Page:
If I was to visit the sacred, bittersweet memorial outside of the Tree of Life Synagogue in Pittsburgh, Pennsylvania, dedicated to the eleven holy souls which were slain last Shabbos, I would leave flowers like so many others; but my choice of blossom might be unusual among the devoted large bouquets: just a little cluster of forget-me-nots.

I used to think the name of these flowers was so silly, an over-romantic idiom of the poets.  However, in light of the massacre, the name has inspired a deeper meaning for me; I’ve since learned that there is “no man without his hour, and no thing without its place” – including names.  Words bear distinct, multilayered connotations, and possess intrinsic creative power, by those that speak, write and hear them in this world.  When the crazed anti-Semite stormed the shul, bellowing “All Jews must die!” before open-firing on the community, his choice of words wasn’t simply hostile and offensive; they were murderous in their own right.  The spiritual forces that he channeled for evil, spiritually killed others.  The G-dly spark invested within each conscious human being, expressed in one way through their speech, can be actualized or abused.  Depending on how we choose to utilize it, our gift of speech can either create positivity, unity and light, or G-d forbid the converse of destruction.  Choose wisely.  Each one of us are endowed with the power to counter the great evil that has been executed in our world and lives.  Use your voice to pray and connect to G-d, to learn His holy Torah with focus, to say a blessing acknowledging the Creator of all that is, to promote peace, to sing a song of praise to G-d or extend a word of kindness to raise another’s weary and broken spirit.

Now fortified with this understanding, let us return to our forget-me-nots.  Indeed, doesn’t it seem, ironically, that these precious, delicate, tiny flowers most need to express this cry?  After all, they are probably often trampled and ignored, cast alone to the wayside as we continue with the whirl of affairs dictating our busy lives.  “Forget me not,” they all whisper, “though I may be one,” a single blossom continues, or, “though I may be small,” sighs another.  Who can forget the mass-atrocities of the world, against our people in particular that we barely endured, and only by the grace of G-d?  Though some will try to rationalize the Inquisition, deny the Holocaust, they have left too deep of a wound upon humanity’s surface to be truly discounted.  But all the smaller assaults, and killings of individuals scattered across our history – including the most recent decades – should break our hearts and elicit our tears just as much… even if we didn’t know the victims personally.  Why?  Every single soul is a unique ambassador to this world of G-dly light and pure, true values.  Every soul had either a whole life of possibilities ahead of them, or had already established a solid foundation, family, and legacy of goodness; but all were cut down in their glory.  Every soul is bound to ours at their Source and Essence.  Every soul is unequivocally, ultimately precious; every soul is the light of life…  So why does the striking down of individuals with whom we do not have a close personal connection so often slip our minds with the passage of time?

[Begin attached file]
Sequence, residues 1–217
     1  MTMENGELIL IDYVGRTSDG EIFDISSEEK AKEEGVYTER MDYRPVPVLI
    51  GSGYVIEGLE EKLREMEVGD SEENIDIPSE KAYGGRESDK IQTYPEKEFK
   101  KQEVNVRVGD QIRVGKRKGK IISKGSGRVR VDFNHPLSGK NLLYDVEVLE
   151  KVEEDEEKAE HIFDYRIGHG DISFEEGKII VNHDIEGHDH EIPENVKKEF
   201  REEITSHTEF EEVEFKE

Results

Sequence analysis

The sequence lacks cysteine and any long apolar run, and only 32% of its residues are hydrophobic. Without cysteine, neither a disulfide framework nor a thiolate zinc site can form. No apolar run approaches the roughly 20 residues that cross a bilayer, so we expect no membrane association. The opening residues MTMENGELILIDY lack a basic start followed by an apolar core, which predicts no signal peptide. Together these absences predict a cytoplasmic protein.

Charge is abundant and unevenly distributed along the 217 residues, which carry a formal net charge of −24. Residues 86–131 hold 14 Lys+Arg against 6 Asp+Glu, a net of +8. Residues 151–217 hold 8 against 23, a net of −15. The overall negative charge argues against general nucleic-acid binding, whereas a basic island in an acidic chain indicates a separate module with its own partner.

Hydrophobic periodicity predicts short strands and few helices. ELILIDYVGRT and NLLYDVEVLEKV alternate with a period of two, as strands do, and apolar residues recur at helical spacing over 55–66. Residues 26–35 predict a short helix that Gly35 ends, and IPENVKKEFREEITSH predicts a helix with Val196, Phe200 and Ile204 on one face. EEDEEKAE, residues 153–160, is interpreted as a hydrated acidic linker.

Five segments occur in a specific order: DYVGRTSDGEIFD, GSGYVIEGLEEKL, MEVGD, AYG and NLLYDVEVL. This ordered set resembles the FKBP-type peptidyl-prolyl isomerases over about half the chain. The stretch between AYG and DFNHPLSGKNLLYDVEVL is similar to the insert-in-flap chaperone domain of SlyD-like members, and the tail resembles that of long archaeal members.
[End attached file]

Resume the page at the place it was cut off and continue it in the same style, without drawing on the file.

Last Shabbos, our people lost Joyce Fienberg, Richard Gottfried, Rose Mallinger, Jerry Rabinowitz, Cecil Rosenthal, David Rosenthal, Bernice Simon, Sylvan Simon, Daniel Stein, Melvin Wax, and Irving Younger.  Don’t allow their deaths to be in vain.  Don’t allow them to be forgotten.  Our hearts are broken, but me mustn’t allow ourselves to become paralyzed.  Our loved ones so untimely taken away address us with a call to action, now!  Let our grieving tears water and nurture the seeds of purpose, kindness, wisdom, harmony and renewal.  Speak of their good deeds and qualities, take on a mitzvah or positive resolution in their merit, learn a little Torah – which is poignantly called “Eitz Chaim – a Tree of Life” – to increase light in this darkened world and perpetuate their legacy.  “Vehechai yitein el libo – and the living shall take to heart…”

It’s up to you, it’s up to me, it’s up to each and every single one of us, those little flowers remind me; they still softly whisper, “Forget me not…”